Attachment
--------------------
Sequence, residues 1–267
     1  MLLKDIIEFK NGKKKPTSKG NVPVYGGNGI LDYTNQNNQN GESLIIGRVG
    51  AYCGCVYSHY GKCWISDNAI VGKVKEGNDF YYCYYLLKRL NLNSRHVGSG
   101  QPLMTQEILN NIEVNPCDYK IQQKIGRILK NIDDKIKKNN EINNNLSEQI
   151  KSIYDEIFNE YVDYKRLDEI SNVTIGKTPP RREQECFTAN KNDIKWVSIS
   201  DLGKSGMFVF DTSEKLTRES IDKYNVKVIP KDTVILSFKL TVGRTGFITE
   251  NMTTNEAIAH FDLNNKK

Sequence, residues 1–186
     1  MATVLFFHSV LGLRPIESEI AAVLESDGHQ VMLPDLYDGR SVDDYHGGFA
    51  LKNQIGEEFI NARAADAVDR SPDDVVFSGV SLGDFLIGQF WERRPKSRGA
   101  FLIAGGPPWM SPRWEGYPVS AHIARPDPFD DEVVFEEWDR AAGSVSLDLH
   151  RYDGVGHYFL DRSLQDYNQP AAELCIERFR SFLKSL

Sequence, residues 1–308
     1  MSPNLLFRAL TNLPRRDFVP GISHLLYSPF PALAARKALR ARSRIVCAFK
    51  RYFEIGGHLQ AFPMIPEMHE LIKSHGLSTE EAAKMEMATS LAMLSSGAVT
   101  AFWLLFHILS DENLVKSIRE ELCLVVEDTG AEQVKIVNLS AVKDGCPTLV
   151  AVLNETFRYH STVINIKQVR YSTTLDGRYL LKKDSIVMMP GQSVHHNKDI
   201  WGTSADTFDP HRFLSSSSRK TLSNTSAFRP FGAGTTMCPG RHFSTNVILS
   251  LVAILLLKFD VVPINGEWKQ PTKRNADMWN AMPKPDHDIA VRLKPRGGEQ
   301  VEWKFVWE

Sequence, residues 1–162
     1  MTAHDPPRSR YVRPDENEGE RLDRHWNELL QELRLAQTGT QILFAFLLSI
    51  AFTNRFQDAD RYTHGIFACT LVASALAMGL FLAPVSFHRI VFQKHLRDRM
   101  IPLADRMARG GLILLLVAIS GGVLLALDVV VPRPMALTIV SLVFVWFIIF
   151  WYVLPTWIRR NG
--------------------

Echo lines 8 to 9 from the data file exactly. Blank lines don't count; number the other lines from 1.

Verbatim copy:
Sequence, residues 1–186
     1  MATVLFFHSV LGLRPIESEI AAVLESDGHQ VMLPDLYDGR SVDDYHGGFA